• The BetterMost 10,000 Post Club
  • *****
  • Posts: 14,478
Re: A Few of Our Favorite Things
« Reply #82 on: April 30, 2009, 12:13:33 pm »
Apologies, Chrissi. I didn't mean to imply that I doubted you. It was my fault. I hadn't at first clicked that what you were calling Meißen was what I call Meissen. I'm not a German speaker, so when I see a "ß" I pronounce it "bee" not "zee." 

No need to apologize Kerry! :-* I didn't take it that way. I assumed you just hadn't clicked.

And yes, the ß looks much like a B. From now on, you can pronounce it "zee". The things you learn on BetterMost, hunh? ;)



Quote
I particularly love Meißen figurines. This little figurine, for example, is presently on eBay with a starting bid of US$850. It'll be interesting to see how much it goes for when the bidding takes off:


The prices for Meißner vary, depending on how old and how rare the pieces are. Just like with all collectibles I guess. In the end, the Blue Mauritius is just a stamp - or is it? ;)

But it may well be that prices for Meißner are higher in those parts of the world which are far away from Germany. Fewer supply, higher prices.
Maybe I could really make a (very) small fortune if I shipped all the stuff to Australia and auctioned it there, who knows? ;D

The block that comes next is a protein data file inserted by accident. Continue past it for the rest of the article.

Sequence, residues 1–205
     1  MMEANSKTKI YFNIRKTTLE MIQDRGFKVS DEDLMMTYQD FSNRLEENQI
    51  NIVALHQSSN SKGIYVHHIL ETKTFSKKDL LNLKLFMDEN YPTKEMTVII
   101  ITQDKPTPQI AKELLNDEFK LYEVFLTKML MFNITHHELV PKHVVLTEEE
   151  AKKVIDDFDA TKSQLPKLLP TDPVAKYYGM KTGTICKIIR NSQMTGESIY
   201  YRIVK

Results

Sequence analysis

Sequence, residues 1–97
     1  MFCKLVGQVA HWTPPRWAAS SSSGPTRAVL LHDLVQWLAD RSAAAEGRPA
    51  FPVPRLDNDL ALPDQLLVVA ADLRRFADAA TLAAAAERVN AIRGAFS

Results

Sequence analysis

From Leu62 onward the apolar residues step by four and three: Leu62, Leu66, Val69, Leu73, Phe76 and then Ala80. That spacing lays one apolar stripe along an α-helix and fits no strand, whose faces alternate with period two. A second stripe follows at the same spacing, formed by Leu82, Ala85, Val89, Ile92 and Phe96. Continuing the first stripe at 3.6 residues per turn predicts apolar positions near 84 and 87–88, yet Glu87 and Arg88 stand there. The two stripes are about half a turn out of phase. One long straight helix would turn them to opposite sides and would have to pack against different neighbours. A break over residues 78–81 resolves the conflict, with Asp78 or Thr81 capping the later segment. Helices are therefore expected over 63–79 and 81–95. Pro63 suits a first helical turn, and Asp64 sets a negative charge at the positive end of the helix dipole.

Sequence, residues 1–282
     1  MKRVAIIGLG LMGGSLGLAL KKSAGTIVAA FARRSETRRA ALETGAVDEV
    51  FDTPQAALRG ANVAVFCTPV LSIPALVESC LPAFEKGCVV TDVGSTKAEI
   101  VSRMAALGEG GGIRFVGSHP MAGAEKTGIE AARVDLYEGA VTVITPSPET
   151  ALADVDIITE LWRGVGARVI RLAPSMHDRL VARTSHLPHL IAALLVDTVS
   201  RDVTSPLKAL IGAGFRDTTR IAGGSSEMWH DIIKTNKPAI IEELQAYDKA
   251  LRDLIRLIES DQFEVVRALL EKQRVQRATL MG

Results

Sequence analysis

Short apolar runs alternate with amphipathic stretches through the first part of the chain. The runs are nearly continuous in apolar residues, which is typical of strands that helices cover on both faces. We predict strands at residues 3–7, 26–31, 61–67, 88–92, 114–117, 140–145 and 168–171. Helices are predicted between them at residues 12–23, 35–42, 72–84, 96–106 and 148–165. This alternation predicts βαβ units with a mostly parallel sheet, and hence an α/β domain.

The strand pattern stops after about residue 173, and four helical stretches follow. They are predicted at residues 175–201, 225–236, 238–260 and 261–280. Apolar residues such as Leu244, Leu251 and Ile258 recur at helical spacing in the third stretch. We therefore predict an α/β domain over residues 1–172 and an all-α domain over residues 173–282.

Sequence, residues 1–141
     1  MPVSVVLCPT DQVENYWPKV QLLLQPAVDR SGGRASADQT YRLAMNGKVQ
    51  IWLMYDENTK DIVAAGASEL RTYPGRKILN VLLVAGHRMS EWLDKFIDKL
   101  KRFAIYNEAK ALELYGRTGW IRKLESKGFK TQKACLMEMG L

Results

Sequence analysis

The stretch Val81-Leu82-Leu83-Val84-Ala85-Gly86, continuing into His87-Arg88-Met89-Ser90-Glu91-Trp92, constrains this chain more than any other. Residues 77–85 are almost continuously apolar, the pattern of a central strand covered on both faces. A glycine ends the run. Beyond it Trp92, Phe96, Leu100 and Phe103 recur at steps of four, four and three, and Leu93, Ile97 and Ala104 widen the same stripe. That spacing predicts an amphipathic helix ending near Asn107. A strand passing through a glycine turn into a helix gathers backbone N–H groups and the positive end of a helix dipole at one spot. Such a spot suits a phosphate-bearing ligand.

Offline David In Indy

  • BetterMost Supporter!
  • BetterMost Moderator
  • The BetterMost 10,000 Post Club
  • *****
  • Posts: 18,447
  • You've Got Male
Re: A Few of Our Favorite Things
« Reply #83 on: May 02, 2009, 02:06:21 am »
Chrissi, your china is beautiful. All of it. Thank you so much for taking the time to photograph it for us. :-*







I particularly loved the story behind this statue. The statue is very beautiful. I have a huge fond spot for the Holy Family. But the hardships people faced - just to bring along a possession as simple as a statue- during the years of East and West Germany both appall me and warm my heart. I'm so glad your Mother managed to get it out of there and bring it with her. And now you have it. It's a beautiful statue and a wonderful story! :)

Dogs have owners. Cats have staff.

Offline optom3

  • BetterMost 1000+ Posts Club
  • ******
  • Posts: 4,638
Re: A Few of Our Favorite Things
« Reply #84 on: May 02, 2009, 06:47:57 pm »